Bing Zhang, Sai Ma, Inbal Rachmin, Megan He, Pankaj Baral, Sekyu Choi, William A. Gonçalves, Yulia Shwartz, Eva M. Fast, Yiqun Su, Leonard I. Zon, Aviv Regev, Jason D. Buenrostro, Thiago M. Cunha, Isaac M. Chiu, David E. Fisher, and Ya-Chieh Hsu
Nature volume 577, pages 676–681 (2020)
Empirical and anecdotal evidence has associated stress with accelerated hair greying (formation of unpigmented hairs)1,2, but so far there has been little scientific validation of this link. Here we report that, in mice, acute stress leads to hair greying through the fast depletion of melanocyte stem cells. Using a combination of adrenalectomy, denervation, chemogenetics3,4, cell ablation and knockout of the adrenergic receptor specifically in melanocyte stem cells, we find that the stress-induced loss of melanocyte stem cells is independent of immune attack or adrenal stress hormones. Instead, hair greying results from activation of the sympathetic nerves that innervate the melanocyte stem-cell niche. Under conditions of stress, the activation of these sympathetic nerves leads to burst release of the neurotransmitter noradrenaline (also known as norepinephrine). This causes quiescent melanocyte stem cells to proliferate rapidly, and is followed by their differentiation, migration and permanent depletion from the niche. Transient suppression of the proliferation of melanocyte stem cells prevents stress-induced hair greying. Our study demonstrates that neuronal activity that is induced by acute stress can drive a rapid and permanent loss of somatic stem cells, and illustrates an example in which the maintenance of somatic stem cells is directly influenced by the overall physiological state of the organism.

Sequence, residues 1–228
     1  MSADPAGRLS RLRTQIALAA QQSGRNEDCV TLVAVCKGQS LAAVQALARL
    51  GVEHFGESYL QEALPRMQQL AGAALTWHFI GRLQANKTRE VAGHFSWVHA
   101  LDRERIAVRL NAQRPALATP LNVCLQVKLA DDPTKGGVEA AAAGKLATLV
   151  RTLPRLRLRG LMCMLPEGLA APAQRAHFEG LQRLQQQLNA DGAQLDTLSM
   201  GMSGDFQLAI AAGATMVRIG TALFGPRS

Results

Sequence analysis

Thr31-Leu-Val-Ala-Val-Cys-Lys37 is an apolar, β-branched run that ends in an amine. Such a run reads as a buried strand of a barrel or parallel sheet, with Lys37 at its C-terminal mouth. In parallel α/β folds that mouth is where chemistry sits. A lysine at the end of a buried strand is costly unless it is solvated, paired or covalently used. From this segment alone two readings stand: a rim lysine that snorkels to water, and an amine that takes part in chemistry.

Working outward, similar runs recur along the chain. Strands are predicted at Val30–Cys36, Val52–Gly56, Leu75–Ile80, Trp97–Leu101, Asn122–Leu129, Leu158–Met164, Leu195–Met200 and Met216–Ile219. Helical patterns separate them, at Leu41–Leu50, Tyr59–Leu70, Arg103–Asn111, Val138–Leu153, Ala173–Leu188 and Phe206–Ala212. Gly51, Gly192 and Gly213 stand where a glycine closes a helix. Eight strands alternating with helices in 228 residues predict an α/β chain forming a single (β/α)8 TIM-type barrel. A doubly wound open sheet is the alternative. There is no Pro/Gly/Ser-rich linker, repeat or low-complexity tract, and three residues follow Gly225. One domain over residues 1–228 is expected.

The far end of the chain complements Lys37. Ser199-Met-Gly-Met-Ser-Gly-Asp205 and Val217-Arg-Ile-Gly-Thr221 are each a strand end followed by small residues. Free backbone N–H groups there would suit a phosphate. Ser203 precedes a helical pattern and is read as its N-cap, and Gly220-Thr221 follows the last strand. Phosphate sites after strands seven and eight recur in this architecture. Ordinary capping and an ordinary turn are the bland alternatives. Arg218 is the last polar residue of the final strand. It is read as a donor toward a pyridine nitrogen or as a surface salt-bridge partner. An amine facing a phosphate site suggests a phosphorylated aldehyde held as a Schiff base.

Jill M. Goldstein, Mohammadsharif Tabebordbar, Kexian Zhu, Leo D. Wang, Kathleen A. Messemer, Bryan Peacker, Sara Ashrafi Kakhki, Meryem Gonzalez-Celeiro, Yulia Shwartz, Jason K.W. Cheng, Ru Xiao, Trisha Barungi, Charles Albright, Ya-Chieh Hsu, Luk H. Vandenberghe, and Amy J. Wagers*
Cell Reports 27(4): 1254-1264.e7
PMID: 31018138 PMCID: PMC6858480